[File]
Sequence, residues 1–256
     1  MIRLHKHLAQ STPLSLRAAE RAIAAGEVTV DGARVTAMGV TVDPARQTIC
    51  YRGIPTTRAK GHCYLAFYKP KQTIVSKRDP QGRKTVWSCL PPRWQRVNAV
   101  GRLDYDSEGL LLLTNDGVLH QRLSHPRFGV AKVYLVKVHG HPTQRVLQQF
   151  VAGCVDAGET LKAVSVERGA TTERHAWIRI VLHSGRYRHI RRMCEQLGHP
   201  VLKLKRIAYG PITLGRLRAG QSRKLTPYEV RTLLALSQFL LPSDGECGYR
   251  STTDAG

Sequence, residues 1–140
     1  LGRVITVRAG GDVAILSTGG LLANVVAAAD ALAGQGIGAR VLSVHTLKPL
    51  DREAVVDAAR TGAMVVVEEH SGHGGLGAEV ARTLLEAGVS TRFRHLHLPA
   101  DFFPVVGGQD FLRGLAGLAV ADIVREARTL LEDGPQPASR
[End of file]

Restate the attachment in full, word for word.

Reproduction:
Sequence, residues 1–256
     1  MIRLHKHLAQ STPLSLRAAE RAIAAGEVTV DGARVTAMGV TVDPARQTIC
    51  YRGIPTTRAK GHCYLAFYKP KQTIVSKRDP QGRKTVWSCL PPRWQRVNAV
   101  GRLDYDSEGL LLLTNDGVLH QRLSHPRFGV AKVYLVKVHG HPTQRVLQQF
   151  VAGCVDAGET LKAVSVERGA TTERHAWIRI VLHSGRYRHI RRMCEQLGHP
   201  VLKLKRIAYG PITLGRLRAG QSRKLTPYEV RTLLALSQFL LPSDGECGYR
   251  STTDAG

Sequence, residues 1–140
     1  LGRVITVRAG GDVAILSTGG LLANVVAAAD ALAGQGIGAR VLSVHTLKPL
    51  DREAVVDAAR TGAMVVVEEH SGHGGLGAEV ARTLLEAGVS TRFRHLHLPA
   101  DFFPVVGGQD FLRGLAGLAV ADIVREARTL LEDGPQPASR